In putting together the latest edition of the Retail Security Tracker, one name kept popping up and not associated with good news. On the contrary, Walmart had a pretty tough week when it came to security, with a number of its locations throughout the U.S. happening to find themselves at the center of crime stories.
Walmart stores in the Denver metro area were the subject of a recent 9News investigative report that found that the chain’s stores tend to be the biggest source of police calls in the region — to the point where city officials are calling on the company to take action in order to reduce the strain it is creating on the department’s resources.
That seems like a lot of crime.
And indeed it is, according to a number of details that the 9News story metes out: One Walmart in the small town of Lakeside was responsible for almost 40 percent of all calls to the police department in 2015; in Commerce City, police responded to calls at the local Walmart at an average of 2.7 per day last year, which was the highest rate in the city; that number went up to 3.7 calls per day for one Walmart location in the town of Lakewood, which the outlet notes was the highest rate among all the communities it polled in its investigation.
In response to this alarming data (and the significant additional amount put forth in the story), Erica Jones, a spokesperson for Walmart, told 9News in a written statement that the company is “committed to making the shopping experience safe and secure for our customers and associates.”
“We serve more than 140 million customers in our U.S. stores every week,” Jones’ statement continued, “and, unfortunately, there will be individual incidents. But let me assure you that every store puts a lot of focus on its security and crime prevention measures.”
The Arizona Grandma Scam
There’s one area of security and crime prevention that one Walmart in Phoenix, AZ, might have been overlooking recently: the wire transfers that originate at its store.
12News shares the woeful tale of a resident little old lady by the name of Kitty who got schnooked by a scammer posing as her grandson on the telephone. Leading her to believe that the grandson was in jail in the Dominican Republic, the scammer convinced Kitty to attempt to wire money there.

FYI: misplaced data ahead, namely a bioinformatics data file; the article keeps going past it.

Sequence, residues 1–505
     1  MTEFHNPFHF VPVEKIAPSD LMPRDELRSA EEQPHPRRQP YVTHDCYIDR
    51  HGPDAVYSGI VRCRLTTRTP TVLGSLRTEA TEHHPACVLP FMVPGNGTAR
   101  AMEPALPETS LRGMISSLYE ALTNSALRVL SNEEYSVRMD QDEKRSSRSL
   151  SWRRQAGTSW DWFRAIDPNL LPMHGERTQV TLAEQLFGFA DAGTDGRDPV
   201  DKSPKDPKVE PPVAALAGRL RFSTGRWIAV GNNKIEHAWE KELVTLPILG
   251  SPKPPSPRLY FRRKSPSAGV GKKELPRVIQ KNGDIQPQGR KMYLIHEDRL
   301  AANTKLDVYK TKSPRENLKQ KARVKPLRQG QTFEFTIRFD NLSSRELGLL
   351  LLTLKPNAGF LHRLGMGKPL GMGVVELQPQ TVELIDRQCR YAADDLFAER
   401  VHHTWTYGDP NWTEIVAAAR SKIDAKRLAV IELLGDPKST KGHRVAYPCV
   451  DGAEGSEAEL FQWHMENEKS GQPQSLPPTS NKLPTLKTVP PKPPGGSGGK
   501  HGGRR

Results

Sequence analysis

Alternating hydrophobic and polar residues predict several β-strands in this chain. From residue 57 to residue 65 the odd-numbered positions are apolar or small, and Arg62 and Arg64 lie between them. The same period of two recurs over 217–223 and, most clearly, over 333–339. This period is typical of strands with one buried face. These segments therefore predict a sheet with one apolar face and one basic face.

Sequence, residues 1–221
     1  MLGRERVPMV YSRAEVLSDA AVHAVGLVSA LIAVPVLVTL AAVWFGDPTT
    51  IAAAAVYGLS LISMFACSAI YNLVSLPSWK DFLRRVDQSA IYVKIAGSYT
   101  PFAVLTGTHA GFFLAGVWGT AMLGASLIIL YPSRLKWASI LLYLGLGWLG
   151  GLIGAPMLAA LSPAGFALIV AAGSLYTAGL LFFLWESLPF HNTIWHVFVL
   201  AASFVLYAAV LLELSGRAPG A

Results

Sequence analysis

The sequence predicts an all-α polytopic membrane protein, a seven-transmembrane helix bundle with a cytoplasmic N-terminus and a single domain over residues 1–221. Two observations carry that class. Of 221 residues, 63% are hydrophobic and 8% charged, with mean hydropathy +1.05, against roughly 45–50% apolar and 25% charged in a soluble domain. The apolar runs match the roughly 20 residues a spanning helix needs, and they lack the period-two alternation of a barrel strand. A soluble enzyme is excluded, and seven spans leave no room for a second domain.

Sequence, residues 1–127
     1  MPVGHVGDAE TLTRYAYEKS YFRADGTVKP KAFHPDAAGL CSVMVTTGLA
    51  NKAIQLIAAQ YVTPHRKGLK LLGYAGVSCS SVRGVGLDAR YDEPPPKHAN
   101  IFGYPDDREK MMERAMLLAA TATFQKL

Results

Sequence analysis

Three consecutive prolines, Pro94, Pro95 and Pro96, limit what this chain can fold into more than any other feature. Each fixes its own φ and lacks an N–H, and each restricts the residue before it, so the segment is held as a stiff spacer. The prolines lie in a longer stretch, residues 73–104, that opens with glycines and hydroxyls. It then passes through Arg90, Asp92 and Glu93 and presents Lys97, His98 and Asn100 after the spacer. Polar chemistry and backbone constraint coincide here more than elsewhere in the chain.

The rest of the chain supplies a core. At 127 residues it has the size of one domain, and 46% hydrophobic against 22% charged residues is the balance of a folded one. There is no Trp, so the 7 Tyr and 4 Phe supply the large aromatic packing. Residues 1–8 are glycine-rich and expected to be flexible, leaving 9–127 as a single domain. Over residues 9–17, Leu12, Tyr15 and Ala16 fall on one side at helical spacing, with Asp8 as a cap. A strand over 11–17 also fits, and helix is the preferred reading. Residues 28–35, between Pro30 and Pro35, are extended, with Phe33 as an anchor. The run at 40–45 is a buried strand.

She was prevented from doing so, however, by four different businesses — whose employees all recognized that something was clearly amiss in the tale that had been spun for Kitty — until she tried the local Walmart, where employees there allowed her to wire a total of $5,250 over the course of three days.
Kitty’s family members, after finding out what happened, took umbrage at the Walmart store for having failed to recognize what four other businesses had and prevented the little old lady from giving her money to scammers.
In defending the retailer, another Walmart spokesperson told 12News: “Consumer fraud is common to all retailers, even with great fraud prevention practices in place. We have many examples of our associates helping customers avoid scam transfers.”
Just, uh … not in Phoenix, recently, it would appear.
Carolina Crime-Stopping Stoppers
While employees of a Walmart Supercenter in Wilmington, NC, might not be on top of all the shoplifting that occurs at the store, they’re apparently on point when it comes to stopping other consumers from pointing out those incidents to them.
Last week, the citizen journalist website PINAC posted a video [warning: contains NSFW language] taken by a man who was in the process of recording an alleged theft-in-progress by a third party, when a Walmart employee escorted him off the premises for his efforts.
There’s a lot of cursing and peacocking that takes place in the video, and nobody comes out looking great. (Or good. Or reasonable or particularly intelligent.)
But if, as the amateur videographer claims, the employee did choose to ignore a shoplifter in favor of tussling with the citizen journalist (eventually “banning” him from returning the store) — during which time the alleged thief escaped with his loot — that might speak to a need for retail workers to have more of a split focus in addressing store security.
If not for the good of the store itself, doing so might at least save them from looking awkward on YouTube.